Mannheim Steamroller has been a part of my Christmas canon for as long as I can remember. So many Christmas dreams came true with their music playing in the background. The beautiful sounds would paint patterns in the snow whirling through the air on the long drive to Grandma’s house. Every new CD – and before that, cassette tape – wouldn’t make it home from the store unopened.
I know every note, every word, every unique melody of Mannheim Steamroller’s Christmas music by heart. Of course I have my favorites – Carol of the Bells, Veni Veni, Good King Wenceslas, Pat A Pan, and Hark the Herald Trumpets Sing, to name just a few – but the fact is, Christmas wouldn’t be Christmas without Mannheim Steamroller.
I’d never really thought about seeing them perform live. While I enjoy the Christmas Live album, it is not my absolute favorite. Yet when I heard that they would be performing the Saturday before Christmas in nearby Rosemont, I knew I wanted to go. I just had no idea what to expect.
Firstly, I was surprised by the age group in attendance. Most people where clearly in their 50’s. I know Mannheim Steamroller has been around a long time, 40 years. It has been 30 years since their first Christmas album. I just didn’t expect the crowd to be so decidedly of the previous generation.
When I got my seat – which I splurged on for the special occasion – and looked at the program, I was both thrilled and a little disappointed by the song selection. A couple of my favorites made the list, but they also decided to play several tracks from their non-Christmas Fresh Aire series. Let me clarify my disappointment. I love Mannheim Steamroller CHRISTMAS music. I have their Disney album and their Halloween album. Otherwise I don’t know their music. I’m sure it’s wonderful. I just don’t know it. When I purchased my ticket I was expecting a Christmas concert much like what you hear on their Live album. I was sad to see that wasn’t the case, and that means there wouldn’t be time left for more of my holiday favorites.
All that fell away when they started to play. When they played their modern rendition God Rest Ye Merry Gentleman I was so happy I teared up, and again when they played Silent Night for an encore. I know that live music can’t sound exactly like the CD. When Above the Northern Lights was augmented by some jazzy improvisation I was actually thrilled! In my opinion that piece has always needed that type of change, and I wish they had that version on CD.
I learned that there are now actually two touring Mannheim Steamroller groups, and East coast and a West coast. That may have explained why founder and composer Chip Davis was not with them, but rather greeted us by video. Funny guy. It would be nice to see him in person some day.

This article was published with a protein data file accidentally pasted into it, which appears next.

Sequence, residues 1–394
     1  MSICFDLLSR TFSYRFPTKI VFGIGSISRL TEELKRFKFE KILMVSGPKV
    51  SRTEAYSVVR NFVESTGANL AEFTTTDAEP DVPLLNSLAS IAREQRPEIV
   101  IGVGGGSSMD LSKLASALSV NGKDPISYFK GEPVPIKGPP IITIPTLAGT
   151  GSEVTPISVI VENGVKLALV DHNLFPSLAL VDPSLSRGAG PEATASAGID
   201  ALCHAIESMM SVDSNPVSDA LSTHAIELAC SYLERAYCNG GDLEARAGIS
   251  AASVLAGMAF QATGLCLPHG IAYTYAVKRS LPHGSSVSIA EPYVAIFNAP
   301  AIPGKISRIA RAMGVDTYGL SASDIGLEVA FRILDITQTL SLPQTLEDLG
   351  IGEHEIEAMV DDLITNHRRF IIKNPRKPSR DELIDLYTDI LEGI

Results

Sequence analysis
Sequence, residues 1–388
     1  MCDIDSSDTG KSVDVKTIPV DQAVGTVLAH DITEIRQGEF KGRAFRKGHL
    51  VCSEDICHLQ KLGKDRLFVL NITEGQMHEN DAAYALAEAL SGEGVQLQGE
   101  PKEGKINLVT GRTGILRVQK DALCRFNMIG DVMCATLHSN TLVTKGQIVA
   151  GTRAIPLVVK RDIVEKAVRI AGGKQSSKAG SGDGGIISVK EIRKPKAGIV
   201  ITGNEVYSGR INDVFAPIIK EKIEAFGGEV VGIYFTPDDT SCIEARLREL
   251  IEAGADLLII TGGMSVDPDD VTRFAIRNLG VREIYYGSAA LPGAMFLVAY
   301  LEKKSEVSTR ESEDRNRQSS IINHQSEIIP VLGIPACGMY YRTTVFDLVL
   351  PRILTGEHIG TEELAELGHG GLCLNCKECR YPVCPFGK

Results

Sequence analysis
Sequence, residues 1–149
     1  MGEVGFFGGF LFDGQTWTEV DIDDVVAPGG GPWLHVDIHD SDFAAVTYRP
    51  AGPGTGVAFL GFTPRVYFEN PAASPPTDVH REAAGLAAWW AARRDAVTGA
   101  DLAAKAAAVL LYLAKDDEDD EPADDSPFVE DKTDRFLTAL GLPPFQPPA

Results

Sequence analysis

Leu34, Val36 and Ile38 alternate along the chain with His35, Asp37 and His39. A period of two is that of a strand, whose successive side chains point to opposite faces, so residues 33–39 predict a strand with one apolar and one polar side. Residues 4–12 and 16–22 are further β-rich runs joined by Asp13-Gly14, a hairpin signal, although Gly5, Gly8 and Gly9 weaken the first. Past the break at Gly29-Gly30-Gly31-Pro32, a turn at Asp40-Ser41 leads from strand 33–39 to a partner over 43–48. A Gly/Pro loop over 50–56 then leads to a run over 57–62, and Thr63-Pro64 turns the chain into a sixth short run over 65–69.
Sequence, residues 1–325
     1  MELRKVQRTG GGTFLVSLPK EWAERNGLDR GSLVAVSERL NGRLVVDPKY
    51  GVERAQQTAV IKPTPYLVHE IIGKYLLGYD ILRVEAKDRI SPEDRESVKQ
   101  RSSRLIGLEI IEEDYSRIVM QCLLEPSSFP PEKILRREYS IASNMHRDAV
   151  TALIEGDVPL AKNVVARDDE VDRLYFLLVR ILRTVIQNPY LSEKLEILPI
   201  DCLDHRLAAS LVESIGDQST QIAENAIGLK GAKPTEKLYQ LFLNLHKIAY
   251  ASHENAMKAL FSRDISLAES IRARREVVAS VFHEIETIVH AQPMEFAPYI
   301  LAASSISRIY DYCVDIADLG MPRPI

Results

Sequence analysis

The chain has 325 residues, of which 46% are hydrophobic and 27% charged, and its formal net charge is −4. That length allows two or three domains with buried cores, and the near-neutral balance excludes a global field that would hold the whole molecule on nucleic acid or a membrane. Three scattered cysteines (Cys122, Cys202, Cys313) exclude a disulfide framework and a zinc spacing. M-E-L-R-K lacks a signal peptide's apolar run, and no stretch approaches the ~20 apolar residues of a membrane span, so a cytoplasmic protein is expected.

I was really impressed by their use of synchronized video. I know from experience how difficult it can be to sync audio and video together properly. I have also performed with an instrument before, and I know how easily things can go wrong no matter how hard you practice. Mannheim Steamroller synchronized LIVE music to video that had its own audio. For instance, they performed O Tannenbaum, which was sung by Johnny Mathis. Of course Johnny Mathis wasn’t there. Instead they had behind the scenes footage of Mathis recording the song. That video played in perfect sync with the live performance of the song. If the tempo had been the slightest bit off, if anyone had come in late on their part, it would have stuck out like a sore thumb. It was flawless.
The video screens served several purposes. They illustrated songs like God Rest Ye Merry Gentlemen and Pat A Pan. They contributed audio from vocalists like Johnny Mathis and the Michigan University Men’s Glee Club. They showed a behind the scenes look at the recording of some of my favorite places. For some songs like Catching Snowflakes on Your Tongue the screens helped to fill the theater with falling snow. For other songs still the screens were filled with kaleidoscope patterns of color. Some videos were fascinating. Some screamed “I’m from the 90’s!”. Some were too distracting when you wanted to watch the musicians on the stage. Some were definitely necessary.
If there was anything that disappointed me – besides the non-Christmas songs they performed – it was the brass section of the Mannheim Steamroller Orchestra. When a Steamroller song features horns, I expect them to be big, bold, and triumphant. You can’t miss them. They take over and drive the song forward. Live, either they were a performer short, they were not adequately mic’d, or they just didn’t play to the proper volume. I’m not sure which it was, but the horns didn’t grab me and demand my attention the way they always have on the albums.
Overall, I really enjoyed the concert. I kept my program and bought the CD as souvenirs, and the memory of seeing them live will never completely fade. Will I go again? Not next year. As a holiday tradition seeing the live performance isn’t as important to me as being able to listen to any song I want to off my iPod during the holiday season. Perhaps in five years I will consider it.
On a completely different note: Rosemont Theater, you are a RIP OFF. Parking was $20! I was expecting $10, but I was also ready for Murphy to show up. There are 2 concession stands on the 2nd floor, but they were never opened. This forced everyone to go downstairs, and the lines were so long at intermission I gave up without a try. All I wanted was a bottle of water but $4.25 was outrageous to me.